My Friends Are My Country

I sit in front of my laptop, sometimes for hours, fidgeting between my blog, Facebook, Twitter, and my e-mail account, looking for any sort of interaction, mainly from people I know, although I’m always more than happy to receive interaction from complete strangers as well.

I really miss my friends. I’ve been away from Egypt since last November. It wasn’t as if I regularly saw my friends while I was in Egypt. But I could if I wanted to. Cairo’s traffic had made getting from my home to any other point in the city a grueling task that I began to avoid at all costs. I was almost turning into a hermit. Me: the woman who cannot be held down by a whole continent.

I miss getting late night phone calls and growling in anger at the inappropriateness of the time but then putting on my happy voice and responding, “Alooo?”

I miss my friends nagging me to go meet them at a coffee shop or at one of their homes. I’d decline, they would nag more, I’d decline again because I was NOT going out in that horrendous traffic, they would insist, and then my resolve would weaken and I would put on my strong face to brave the Cairo traffic. That’s how much my friends mean to me. That is what I would do for them. (It’s A LOT. Have you seen what Cairo’s traffic is like?)

I’ve discovered I’m absolutely horrible at making new friends at this age. I’ve lost the talent. I feel like I would be forcing myself on people so I don’t even try. Everyone already has their close-knit circle of friends at my age anyway.

But it’s not only that. I struggle to find things I have in common with people here. It’s not enough for me to enjoy engaging in the same sport as others, for example. There are things that are occupying my mind 100 per cent of the time. These things are far from the minds of anyone I have met here in the UK so far.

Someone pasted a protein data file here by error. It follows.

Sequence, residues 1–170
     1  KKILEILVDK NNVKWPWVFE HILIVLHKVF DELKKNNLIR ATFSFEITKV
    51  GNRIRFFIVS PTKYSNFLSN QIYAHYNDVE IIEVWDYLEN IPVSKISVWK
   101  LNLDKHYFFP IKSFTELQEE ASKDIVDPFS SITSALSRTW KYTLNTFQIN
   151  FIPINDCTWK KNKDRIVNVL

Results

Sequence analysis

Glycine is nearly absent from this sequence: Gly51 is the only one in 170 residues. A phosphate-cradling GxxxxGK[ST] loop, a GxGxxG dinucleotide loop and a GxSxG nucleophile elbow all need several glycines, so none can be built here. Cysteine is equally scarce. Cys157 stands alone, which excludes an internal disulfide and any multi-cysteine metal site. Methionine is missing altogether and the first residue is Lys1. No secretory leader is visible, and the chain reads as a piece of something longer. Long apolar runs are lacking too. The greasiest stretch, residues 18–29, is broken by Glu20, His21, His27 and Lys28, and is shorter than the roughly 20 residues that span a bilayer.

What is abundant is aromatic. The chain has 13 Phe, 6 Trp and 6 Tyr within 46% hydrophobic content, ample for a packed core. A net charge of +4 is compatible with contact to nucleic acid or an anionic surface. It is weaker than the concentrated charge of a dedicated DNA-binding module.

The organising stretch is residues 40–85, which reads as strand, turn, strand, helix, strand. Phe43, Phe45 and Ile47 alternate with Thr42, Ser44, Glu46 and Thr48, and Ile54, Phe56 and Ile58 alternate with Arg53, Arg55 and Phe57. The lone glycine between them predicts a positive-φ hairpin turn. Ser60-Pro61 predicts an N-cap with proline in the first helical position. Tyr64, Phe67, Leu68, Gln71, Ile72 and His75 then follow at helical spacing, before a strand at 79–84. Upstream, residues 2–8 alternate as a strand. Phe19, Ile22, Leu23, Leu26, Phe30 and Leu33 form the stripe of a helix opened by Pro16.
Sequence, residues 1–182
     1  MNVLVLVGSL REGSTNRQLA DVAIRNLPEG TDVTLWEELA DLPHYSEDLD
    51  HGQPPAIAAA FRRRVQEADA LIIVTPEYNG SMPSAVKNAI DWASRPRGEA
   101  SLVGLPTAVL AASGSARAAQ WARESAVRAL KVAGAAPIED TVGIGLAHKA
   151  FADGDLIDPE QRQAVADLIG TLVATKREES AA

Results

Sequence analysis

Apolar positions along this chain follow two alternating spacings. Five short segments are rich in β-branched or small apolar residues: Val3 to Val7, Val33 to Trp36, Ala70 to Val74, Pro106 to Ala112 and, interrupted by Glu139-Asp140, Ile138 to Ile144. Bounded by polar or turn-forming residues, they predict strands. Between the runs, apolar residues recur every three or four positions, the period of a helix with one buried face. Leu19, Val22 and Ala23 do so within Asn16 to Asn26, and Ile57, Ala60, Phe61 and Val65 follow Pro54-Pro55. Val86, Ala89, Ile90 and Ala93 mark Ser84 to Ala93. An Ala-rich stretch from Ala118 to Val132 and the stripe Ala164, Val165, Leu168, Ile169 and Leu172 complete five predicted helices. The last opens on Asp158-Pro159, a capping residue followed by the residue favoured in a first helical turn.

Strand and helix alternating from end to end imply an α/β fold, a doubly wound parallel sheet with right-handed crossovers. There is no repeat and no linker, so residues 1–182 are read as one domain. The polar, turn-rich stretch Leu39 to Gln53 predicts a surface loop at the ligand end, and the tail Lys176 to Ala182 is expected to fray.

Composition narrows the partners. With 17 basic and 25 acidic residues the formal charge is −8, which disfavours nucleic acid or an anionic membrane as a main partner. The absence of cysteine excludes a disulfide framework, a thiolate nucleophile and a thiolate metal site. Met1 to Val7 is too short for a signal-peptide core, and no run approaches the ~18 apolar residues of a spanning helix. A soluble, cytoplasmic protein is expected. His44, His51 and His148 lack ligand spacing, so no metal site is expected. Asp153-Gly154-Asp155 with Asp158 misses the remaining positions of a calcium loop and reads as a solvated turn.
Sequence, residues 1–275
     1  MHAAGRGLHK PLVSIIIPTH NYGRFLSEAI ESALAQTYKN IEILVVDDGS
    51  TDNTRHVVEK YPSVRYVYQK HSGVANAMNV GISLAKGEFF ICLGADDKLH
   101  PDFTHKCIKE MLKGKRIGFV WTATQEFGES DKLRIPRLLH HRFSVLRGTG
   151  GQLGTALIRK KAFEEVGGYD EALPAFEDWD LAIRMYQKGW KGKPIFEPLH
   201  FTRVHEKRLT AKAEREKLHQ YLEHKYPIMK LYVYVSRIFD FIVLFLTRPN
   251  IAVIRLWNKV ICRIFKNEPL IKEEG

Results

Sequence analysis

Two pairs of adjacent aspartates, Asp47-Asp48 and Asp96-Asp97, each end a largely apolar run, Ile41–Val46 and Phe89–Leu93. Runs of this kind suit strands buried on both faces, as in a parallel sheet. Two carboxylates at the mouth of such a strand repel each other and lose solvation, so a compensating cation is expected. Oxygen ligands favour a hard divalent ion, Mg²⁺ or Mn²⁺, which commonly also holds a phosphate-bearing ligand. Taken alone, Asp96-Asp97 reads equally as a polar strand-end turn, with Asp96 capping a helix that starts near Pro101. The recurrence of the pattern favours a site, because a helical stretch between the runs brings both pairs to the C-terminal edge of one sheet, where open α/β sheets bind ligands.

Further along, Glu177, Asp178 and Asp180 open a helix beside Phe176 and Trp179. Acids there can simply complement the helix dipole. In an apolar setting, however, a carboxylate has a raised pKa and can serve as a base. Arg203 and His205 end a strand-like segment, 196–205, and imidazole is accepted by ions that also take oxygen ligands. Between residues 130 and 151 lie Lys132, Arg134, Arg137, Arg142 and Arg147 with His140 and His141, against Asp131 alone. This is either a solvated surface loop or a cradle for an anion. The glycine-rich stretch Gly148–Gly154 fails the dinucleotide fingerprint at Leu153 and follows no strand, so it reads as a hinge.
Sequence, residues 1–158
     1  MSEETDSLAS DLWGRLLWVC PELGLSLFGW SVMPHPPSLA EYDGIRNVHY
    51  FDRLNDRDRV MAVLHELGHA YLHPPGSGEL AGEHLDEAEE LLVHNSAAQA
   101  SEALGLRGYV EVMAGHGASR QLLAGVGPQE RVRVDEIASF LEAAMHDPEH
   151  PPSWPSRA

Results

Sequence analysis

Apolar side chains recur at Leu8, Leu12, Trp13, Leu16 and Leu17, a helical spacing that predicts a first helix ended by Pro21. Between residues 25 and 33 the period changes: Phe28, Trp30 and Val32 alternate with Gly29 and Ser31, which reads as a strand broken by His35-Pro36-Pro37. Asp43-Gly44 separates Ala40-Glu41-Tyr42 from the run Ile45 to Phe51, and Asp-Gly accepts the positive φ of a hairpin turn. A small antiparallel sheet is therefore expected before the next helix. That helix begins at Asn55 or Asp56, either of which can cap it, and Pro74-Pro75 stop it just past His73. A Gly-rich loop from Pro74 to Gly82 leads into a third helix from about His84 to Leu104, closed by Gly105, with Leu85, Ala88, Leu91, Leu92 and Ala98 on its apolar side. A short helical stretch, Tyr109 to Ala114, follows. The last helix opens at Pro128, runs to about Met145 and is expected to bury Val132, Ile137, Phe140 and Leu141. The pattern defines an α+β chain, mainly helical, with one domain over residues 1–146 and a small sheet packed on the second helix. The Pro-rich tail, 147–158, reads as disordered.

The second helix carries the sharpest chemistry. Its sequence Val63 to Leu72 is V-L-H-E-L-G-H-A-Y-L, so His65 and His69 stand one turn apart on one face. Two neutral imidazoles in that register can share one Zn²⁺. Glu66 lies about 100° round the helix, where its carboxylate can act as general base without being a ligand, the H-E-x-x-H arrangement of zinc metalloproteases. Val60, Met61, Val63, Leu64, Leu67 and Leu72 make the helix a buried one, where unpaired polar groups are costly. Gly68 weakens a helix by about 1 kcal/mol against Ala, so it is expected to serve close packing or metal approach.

I am in a constant state of anxiety and worry over my country and the Arab region, for example. The friends I already have are exactly the same. It’s not that when we meet we only talk about politics. But we have that common underlying bond no matter what we discuss. We might talk about something completely silly and superficial. But we do that to avoid talking about that one thing we are always thinking about.

I have a very close friend who happens to live in London these days. I invited him to meet me and my family at an amusement park halfway between London and where I live. We had an amazing day. Not once did we mention anything remotely political. But it’s all there. Bare and naked. The day we were standing at the frontlines of the Egyptian Revolution and had to run for cover from gunshots. The night the military announced a curfew and we walked on eerily quiet Cairene streets trying to make our way home, when we suddenly saw a gang of thugs in the distance. All the times we climbed Egypt’s highest mountain together. We don’t need to talk about any of that. It’s there. I don’t have that with people here in the UK. I don’t have the history. I don’t have the experiences. It makes me feel lonely, like I live in a world that only exists in my head.

Every now and then a friend will come from Egypt to the UK on a business trip and I’ll get the chance to see them. Those are always precious moments. But they never last. I’m soon back to being completely and utterly on my own; me and my Facebook, Twitter, and e-mail accounts.

It’s almost as if I’m always looking for something tangible within the feeds of my accounts but I never really find it. It pacifies me sometimes. But it’s an empty pacification.

It is really hard trying to settle in a new country. What makes it so much harder is an inability, borne of lots of trauma, to go back home.

I don’t want to make new friends. I just want the ones I already have.

We have a word in Arabic that we use to describe living in a country other than our own: ghorbah. It is related to the Arabic word ghareeb, or stranger. I know of no English language word that properly describes ghorbah. Google translates it to “alienation”.

I am a stranger. In a way, I am even an alien. And all I want is my family and friends, many of whom have been dispersed among the countries of this world, like me, to try to find better lives than the ones we had in our country.

I miss my friends. They are my country.


  1. Nadia. You poot thing.

    England can be pretty lonely.

    Generally what people do is join a club.

    The modern equivalent is called a meetup. I will send you the link to the UK national meetups site when I get home


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